The Ugandan Solar Bus: Ugandan Tech For Ugandan Times


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I’d like to be excited about having a solar powered bus made in Uganda, but oba where is my patriotic fervor?

Is it because I am so urban middle class I don’t even use the regular bus?

Or is it because I would much rather our compatriots at Makerere were unveiling something that snobs like myself would actually have use for. Like this: Why is it that we still light our homes, power our fridges, work our fans, irons, heaters, phones and TVs with UMEME?


Seriously, if we stop being so dunderheaded as a nation we would develop, take lessons from our history and move ahead. By now a power cut should mean that we have to finish the series on the laptop instead of the TV.


But I am not here to campaign for your candidate. He can make up his own lies.

(Or her. Not that she even matters. She’s just a dummy)


Let’s offer some constructive tips to MUK faculty of Solar Powered Public Transport Motorisation on how to make a bus that is truly suited to the Ugandan’s needs, one that will earn them unanimous acclaim. Pay attention, MUK


You, schuudent! Wake up!


Put in A DJ

Image courtesy of Stuart Miles at

Because if people are going to rabadub each other for the whole trip, can we at least have an appropriate soundtrack?



Image courtesy of Stuart Miles at

You know the scenario. You are in a crowded bus while on your phone whatsapping the group. A phone thief spots you and squeezes close. Snatches the phone. Quickly vanishes into the tight, huddled crowd. Sniggers to himself or herself in self-congratulations over a successful heist, and doing a quick gallery check to see if there are any nudes tabloid sites would be interested in. While doing this forgetting that phone-snatching is a growth industry and there is never only one phone thief in the bus, so within seconds, another thief has taken the phone. That one also vanishes. But then again that one pashes on jobbo and the phone goes. By the timeyou reach Kisementi a different muyaye altogether is tapping you on the shoulder asking if you want to buy a phone. That just happened to have been yours in Kiwatule.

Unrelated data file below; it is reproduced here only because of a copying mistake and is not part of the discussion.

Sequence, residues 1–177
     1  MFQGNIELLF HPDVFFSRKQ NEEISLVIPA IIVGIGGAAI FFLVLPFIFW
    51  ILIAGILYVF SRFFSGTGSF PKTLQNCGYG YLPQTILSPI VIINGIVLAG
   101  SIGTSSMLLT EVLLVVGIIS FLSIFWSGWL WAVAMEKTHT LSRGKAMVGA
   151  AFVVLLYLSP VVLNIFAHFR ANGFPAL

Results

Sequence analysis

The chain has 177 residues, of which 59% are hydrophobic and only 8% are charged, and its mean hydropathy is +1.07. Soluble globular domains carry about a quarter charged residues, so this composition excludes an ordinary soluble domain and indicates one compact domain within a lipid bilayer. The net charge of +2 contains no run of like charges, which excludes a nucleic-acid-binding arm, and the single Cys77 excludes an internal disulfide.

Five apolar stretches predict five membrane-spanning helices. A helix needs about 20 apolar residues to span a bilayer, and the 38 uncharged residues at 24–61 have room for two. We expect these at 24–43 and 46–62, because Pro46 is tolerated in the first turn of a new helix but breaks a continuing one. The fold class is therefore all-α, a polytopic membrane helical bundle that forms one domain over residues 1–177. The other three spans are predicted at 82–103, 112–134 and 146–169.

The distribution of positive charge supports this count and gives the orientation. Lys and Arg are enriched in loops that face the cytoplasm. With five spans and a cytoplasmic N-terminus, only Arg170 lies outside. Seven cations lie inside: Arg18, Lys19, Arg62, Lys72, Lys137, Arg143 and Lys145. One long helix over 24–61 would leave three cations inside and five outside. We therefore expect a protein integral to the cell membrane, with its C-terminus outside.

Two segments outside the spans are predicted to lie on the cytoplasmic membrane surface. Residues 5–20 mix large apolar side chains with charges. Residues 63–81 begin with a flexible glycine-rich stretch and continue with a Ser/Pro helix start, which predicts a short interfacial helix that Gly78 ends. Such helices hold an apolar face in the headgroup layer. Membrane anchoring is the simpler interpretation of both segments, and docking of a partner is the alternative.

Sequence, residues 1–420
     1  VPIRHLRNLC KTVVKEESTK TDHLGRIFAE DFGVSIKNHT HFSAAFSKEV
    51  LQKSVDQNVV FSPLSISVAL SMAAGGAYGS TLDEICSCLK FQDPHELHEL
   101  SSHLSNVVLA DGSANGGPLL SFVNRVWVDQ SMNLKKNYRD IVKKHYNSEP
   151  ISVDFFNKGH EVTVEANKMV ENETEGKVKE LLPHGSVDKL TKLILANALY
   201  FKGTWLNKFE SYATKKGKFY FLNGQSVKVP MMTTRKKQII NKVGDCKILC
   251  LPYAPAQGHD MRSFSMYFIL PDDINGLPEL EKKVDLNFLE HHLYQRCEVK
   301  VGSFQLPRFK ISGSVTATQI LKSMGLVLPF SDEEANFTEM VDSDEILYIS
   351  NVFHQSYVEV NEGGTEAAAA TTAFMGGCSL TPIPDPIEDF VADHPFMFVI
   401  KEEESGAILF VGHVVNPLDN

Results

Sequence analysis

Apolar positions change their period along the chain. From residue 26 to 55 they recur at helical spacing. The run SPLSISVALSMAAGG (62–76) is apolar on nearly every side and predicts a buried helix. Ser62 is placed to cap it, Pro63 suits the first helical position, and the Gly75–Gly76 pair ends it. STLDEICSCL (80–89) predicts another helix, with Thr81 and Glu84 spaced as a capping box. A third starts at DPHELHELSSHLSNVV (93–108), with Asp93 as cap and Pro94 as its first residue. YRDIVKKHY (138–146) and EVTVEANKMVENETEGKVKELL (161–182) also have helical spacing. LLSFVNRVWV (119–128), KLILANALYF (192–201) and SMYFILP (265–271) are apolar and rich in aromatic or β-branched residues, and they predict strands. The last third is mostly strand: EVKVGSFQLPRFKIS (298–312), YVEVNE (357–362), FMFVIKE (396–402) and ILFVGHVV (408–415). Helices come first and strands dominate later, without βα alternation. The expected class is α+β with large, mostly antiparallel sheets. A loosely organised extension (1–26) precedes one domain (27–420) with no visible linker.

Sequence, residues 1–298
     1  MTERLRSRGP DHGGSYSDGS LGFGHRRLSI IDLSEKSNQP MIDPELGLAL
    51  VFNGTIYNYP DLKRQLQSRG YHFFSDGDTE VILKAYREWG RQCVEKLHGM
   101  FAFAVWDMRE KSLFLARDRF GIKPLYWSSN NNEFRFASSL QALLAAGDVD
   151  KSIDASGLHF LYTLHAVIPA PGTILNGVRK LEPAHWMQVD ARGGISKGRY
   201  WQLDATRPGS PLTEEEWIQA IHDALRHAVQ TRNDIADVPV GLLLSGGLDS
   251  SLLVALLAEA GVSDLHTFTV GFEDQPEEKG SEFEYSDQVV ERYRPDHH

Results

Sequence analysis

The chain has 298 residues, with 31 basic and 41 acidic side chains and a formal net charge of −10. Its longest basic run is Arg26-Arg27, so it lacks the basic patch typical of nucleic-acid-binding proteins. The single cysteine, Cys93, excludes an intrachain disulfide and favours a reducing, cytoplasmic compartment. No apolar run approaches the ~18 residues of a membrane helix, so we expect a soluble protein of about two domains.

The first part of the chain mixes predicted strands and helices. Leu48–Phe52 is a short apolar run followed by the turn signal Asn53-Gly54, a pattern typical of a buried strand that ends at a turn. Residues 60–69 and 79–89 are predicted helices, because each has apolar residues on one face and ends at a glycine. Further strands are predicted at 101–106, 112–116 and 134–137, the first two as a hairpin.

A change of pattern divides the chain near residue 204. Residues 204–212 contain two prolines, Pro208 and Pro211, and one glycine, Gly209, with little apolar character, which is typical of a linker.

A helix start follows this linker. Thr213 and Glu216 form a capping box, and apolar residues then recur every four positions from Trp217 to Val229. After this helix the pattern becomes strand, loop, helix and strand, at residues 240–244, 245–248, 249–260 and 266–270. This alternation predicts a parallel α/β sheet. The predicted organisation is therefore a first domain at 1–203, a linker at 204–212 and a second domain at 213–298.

In short buses should have wifi.



ABC's Harry Potter weekend was well timed, since I was stuck in sick all weekend.

Uganda must respect religious freedoms and equality of all faiths and forms of worship. So if you have one of those Balokole who just up and sprout sermons in the bus, they should always be countered with a de… witchdoctor.

It’s a religion. They also dance at night, only they don’t make as much noise.


Seekers on Board

It is ridiculous that in a traffic jam, when it is hot, sweaty, and is steaming clouds of vapour off the backs of each and everyone on the bus, all we can find being sold by the itinerant merchant class aka hawkers aka #nomusisi is chewing gum?


Incompetent baboon philosophy caused this. A lack of proper schooling. Hawkers, we need cold soda, water and or beer sold to us, not chewing gum. Provide those vital amenities.


After this we may become optimistic enough to expect that in the evening, as the bus rumbles down to the suburbs, that is if a solar bus runs at night, which it does, don’t be ridiculous, it does, we may expect that someone will also be selling chapati, rolex, and some of those sausages which we all know about but won’t admit in public. But we know. That is not beef, pork, goat… no it is not. We all know this. But we won’t admit it.

Image courtesy of nongpimmy at

But we know.



Just burst a spray at intervals every 20 minutes. Put a sensor on the door so whenever a male campus student enters it detects lumpen and sprays. And not Axe. We need something that will work on campus students. There are locally made chemicals which can handle the unique vigour of Ugandan university smells. Usually they are used in cattle dips to kill ticks, but we can expand the market.

Image courtesy of he told me I can use how I want

But jokes aside, congratulations. You invented, innovated, created and built. And that is what science is about. Even if the bus does not work as a commercial venture (which it won’t) the brainwork that made it possible will have plenty of diverse and valuable uses and applications in many other fields of endeavour. You, and we as Ugandans, should be proud.




One last thing